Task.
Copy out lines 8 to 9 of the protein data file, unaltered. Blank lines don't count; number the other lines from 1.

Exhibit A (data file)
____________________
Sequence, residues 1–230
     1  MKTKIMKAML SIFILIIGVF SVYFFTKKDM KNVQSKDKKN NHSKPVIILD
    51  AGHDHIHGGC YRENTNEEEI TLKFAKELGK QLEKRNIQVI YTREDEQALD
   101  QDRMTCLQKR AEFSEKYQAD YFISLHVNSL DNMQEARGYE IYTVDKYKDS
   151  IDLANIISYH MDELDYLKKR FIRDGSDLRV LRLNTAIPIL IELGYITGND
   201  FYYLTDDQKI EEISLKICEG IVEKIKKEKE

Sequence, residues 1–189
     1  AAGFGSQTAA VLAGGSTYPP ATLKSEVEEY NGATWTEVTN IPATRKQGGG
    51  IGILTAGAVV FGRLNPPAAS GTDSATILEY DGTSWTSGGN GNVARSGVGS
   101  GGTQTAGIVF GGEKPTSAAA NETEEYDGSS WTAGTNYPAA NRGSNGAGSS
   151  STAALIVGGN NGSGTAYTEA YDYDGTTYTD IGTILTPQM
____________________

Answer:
     1  AAGFGSQTAA VLAGGSTYPP ATLKSEVEEY NGATWTEVTN IPATRKQGGG
    51  IGILTAGAVV FGRLNPPAAS GTDSATILEY DGTSWTSGGN GNVARSGVGS